Changes to B-On-Time Have Million-Dollar Consequences

From 2007 to 2012, the University of Texas at Arlington contributed $17.8 million in tuition revenue to the state's B-On-Time Loan Program, which rewards needy students who can keep their grades up with forgivable, merit-based loans. But the university's students received just $6.3 million in return. 

In the same time period, Texas A&M University put up nearly $22 million for the program — and its students got $33 million back.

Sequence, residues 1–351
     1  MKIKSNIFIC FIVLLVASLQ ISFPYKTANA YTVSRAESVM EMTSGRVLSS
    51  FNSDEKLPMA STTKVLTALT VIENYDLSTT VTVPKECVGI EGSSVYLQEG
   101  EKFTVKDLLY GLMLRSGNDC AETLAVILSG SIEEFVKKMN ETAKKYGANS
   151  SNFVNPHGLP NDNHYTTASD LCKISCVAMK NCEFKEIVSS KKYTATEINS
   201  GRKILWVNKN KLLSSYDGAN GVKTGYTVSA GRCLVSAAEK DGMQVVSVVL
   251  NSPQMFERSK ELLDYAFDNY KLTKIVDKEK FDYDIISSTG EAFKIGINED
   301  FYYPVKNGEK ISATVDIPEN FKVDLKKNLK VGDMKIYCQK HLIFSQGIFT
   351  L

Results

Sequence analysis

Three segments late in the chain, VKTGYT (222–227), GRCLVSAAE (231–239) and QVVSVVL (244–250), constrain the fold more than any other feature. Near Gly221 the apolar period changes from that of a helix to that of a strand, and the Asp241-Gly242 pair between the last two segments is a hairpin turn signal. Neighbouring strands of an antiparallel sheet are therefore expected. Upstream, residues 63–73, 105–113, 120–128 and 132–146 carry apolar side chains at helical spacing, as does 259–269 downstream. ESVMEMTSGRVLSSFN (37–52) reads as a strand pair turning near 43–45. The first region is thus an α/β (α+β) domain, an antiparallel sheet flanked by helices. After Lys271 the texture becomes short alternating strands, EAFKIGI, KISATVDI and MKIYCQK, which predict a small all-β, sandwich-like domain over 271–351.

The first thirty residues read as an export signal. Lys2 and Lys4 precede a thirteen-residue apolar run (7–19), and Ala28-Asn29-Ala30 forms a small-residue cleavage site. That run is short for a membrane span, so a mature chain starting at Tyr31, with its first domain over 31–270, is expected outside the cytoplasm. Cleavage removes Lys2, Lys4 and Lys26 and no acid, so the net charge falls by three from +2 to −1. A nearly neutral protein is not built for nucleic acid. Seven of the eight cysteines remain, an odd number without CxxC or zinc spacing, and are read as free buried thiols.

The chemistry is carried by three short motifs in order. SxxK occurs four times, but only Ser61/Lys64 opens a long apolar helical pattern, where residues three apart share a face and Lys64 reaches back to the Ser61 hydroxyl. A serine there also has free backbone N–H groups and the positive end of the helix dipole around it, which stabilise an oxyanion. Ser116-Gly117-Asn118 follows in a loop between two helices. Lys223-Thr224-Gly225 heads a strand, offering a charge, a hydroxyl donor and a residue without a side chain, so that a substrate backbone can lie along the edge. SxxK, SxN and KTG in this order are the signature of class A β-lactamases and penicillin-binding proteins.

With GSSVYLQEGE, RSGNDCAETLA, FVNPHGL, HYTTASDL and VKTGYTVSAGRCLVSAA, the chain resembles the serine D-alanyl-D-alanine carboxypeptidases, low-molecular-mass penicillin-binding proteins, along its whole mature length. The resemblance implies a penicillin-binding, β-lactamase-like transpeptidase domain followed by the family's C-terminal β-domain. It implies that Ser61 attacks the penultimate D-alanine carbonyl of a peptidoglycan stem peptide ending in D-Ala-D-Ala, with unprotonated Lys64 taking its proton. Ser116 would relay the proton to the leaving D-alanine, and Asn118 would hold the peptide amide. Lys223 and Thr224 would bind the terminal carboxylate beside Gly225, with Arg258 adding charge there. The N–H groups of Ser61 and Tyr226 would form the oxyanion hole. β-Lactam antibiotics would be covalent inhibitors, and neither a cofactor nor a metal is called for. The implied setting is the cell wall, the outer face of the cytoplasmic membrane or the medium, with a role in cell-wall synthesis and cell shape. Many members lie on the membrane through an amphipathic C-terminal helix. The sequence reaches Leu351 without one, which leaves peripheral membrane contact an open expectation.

This tuition shuffling will soon be a thing of the past. In a legislative session largely marked by unfinished business in higher education — no tuition revenue ...

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